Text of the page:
- John DiLorenzo,
a leading GOP lobbyist, is looking to do Gov. John Kitzhaber, a
Democrat, a favor. DiLorenzo is pushing legislation for the upcoming
legislative session that would expand the governor’s ability to fire agency directors, commissioners and other high-level employees.
DiLorenzo says the issue goes beyond partisan considerations and that
he was inspired by the refusal last year of former University of Oregon
President Richard Lariviere and ex-Oregon Liquor Control Commission
director Steve Pharo to quit as soon as Kitzhaber wanted. “I discovered
to my horror that there aren’t many people who the governor can fire,”
DiLorenzo says. “Why should we hamstring a governor who has a mandate?”
- Nike got an even better deal in the December special legislative session than we knew. Although lawmakers wanted the sneaker giant’s 30-year tax-certainty deal effective Dec. 14, 2012, Kitzhaber signed a contract effective Jan. 1, 2012. Jody Wiser of the watchdog group Tax Fairness Oregon says that means Nike could get credit toward its required hiring of 500 new employees and investing $150 million of new money for decisions it made in the first 11 months of last year. Kitzhaber’s spokesman, Tim Raphael, says lawmakers gave Kitzhaber authority to negotiate the contact, and a January 2012 start was his intention.
- State Rep. Mitch Greenlick (D-Portland) is bucking the tide on the Columbia River Crossing project (page 7). Greenlick is sponsoring legislation, which would prohibit the Oregon Department of Transportation from spending any more money on the $3.5 billion project until the agency demonstrates Oregon can afford the project and it can actually be built. Greenlick thinks neither is true. “We’re not going to have the funding, and we are unlikely to get Coast Guard permission for the currently proposed height,” Greenlick says. “If something can’t possibly happen, it’s just not likely to.”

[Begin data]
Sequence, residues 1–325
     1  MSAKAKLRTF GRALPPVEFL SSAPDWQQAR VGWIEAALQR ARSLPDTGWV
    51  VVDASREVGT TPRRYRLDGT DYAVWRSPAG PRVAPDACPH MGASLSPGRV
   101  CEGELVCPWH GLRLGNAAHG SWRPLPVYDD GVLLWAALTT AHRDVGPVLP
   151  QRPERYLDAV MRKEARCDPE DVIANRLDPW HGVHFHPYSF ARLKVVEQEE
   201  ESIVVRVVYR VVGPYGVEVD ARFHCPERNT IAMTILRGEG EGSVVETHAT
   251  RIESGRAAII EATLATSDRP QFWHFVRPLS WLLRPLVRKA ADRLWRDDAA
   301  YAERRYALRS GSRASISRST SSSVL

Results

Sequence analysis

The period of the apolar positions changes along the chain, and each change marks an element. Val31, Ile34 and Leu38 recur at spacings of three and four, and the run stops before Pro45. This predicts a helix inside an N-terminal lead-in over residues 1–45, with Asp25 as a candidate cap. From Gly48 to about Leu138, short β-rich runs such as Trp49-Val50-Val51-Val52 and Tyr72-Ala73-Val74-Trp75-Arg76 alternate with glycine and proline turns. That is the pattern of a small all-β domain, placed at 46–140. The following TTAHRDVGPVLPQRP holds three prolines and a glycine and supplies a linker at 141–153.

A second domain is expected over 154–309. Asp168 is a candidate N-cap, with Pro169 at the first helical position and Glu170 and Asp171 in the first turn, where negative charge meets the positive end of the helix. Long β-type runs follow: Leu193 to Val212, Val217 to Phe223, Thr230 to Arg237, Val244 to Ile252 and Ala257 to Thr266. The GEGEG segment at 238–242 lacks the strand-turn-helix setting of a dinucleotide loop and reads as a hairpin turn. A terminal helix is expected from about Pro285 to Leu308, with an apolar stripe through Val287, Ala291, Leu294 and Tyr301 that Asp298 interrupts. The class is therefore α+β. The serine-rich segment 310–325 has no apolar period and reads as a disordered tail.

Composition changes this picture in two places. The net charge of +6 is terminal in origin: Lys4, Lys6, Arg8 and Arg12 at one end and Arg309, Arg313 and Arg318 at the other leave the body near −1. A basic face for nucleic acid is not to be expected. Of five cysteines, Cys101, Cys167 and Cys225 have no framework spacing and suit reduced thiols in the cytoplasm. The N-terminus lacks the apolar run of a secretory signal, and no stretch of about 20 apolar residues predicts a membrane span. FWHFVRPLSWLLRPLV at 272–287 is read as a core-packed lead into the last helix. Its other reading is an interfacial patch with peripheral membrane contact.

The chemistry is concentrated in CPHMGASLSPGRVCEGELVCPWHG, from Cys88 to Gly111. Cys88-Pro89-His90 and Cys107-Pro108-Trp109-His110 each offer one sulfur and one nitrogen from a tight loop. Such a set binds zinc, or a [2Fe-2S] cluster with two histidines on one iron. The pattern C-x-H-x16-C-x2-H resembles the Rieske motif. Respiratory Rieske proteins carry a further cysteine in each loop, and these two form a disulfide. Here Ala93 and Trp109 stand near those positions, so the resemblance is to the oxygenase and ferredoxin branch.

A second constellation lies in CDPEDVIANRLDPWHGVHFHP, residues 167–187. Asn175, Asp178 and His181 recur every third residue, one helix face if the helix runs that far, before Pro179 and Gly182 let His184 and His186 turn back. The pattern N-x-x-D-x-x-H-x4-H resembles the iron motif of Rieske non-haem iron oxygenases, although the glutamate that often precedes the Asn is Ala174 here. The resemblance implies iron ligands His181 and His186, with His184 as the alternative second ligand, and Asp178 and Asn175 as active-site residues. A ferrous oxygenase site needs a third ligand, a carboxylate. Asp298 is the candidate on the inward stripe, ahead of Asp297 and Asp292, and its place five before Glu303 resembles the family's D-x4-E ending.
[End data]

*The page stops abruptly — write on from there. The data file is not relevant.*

- The consumer-advocacy group OSPIRG gave Portland a D-minus in a national ranking of city government spending transparency. The analysis looked at the online availability of government data in the 30 largest U.S. cities. Portland ranked 25th for how much online information it provides about its spending. The most transparent cities were Chicago, New York and San Francisco. “Portland is far behind other major cities in the amount of spending data that it provides to its residents,” says OSPIRG’s Celeste Meiffren. “Right now, Portlanders will find it difficult to go online and see exactly how their tax dollars are being spent.”